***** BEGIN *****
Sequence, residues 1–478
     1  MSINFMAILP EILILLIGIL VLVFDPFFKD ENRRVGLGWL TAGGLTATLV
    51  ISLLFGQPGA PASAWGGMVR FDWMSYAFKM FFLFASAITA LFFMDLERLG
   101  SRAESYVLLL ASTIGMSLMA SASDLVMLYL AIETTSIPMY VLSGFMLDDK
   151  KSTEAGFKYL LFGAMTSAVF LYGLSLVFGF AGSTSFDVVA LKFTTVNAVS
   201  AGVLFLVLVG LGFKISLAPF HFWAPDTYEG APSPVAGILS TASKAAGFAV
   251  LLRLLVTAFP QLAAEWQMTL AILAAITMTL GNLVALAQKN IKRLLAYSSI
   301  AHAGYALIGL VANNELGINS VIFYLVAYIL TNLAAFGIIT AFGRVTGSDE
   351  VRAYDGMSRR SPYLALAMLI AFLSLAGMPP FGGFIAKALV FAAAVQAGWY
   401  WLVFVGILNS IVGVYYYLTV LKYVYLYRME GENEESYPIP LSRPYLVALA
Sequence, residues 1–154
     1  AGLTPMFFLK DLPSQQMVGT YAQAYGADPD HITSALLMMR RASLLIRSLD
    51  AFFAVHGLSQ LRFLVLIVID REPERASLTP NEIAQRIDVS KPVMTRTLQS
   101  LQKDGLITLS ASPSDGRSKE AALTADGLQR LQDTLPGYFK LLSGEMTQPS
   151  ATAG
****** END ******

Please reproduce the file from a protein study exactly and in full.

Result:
Sequence, residues 1–478
     1  MSINFMAILP EILILLIGIL VLVFDPFFKD ENRRVGLGWL TAGGLTATLV
    51  ISLLFGQPGA PASAWGGMVR FDWMSYAFKM FFLFASAITA LFFMDLERLG
   101  SRAESYVLLL ASTIGMSLMA SASDLVMLYL AIETTSIPMY VLSGFMLDDK
   151  KSTEAGFKYL LFGAMTSAVF LYGLSLVFGF AGSTSFDVVA LKFTTVNAVS
   201  AGVLFLVLVG LGFKISLAPF HFWAPDTYEG APSPVAGILS TASKAAGFAV
   251  LLRLLVTAFP QLAAEWQMTL AILAAITMTL GNLVALAQKN IKRLLAYSSI
   301  AHAGYALIGL VANNELGINS VIFYLVAYIL TNLAAFGIIT AFGRVTGSDE
   351  VRAYDGMSRR SPYLALAMLI AFLSLAGMPP FGGFIAKALV FAAAVQAGWY
   401  WLVFVGILNS IVGVYYYLTV LKYVYLYRME GENEESYPIP LSRPYLVALA
Sequence, residues 1–154
     1  AGLTPMFFLK DLPSQQMVGT YAQAYGADPD HITSALLMMR RASLLIRSLD
    51  AFFAVHGLSQ LRFLVLIVID REPERASLTP NEIAQRIDVS KPVMTRTLQS
   101  LQKDGLITLS ASPSDGRSKE AALTADGLQR LQDTLPGYFK LLSGEMTQPS
   151  ATAG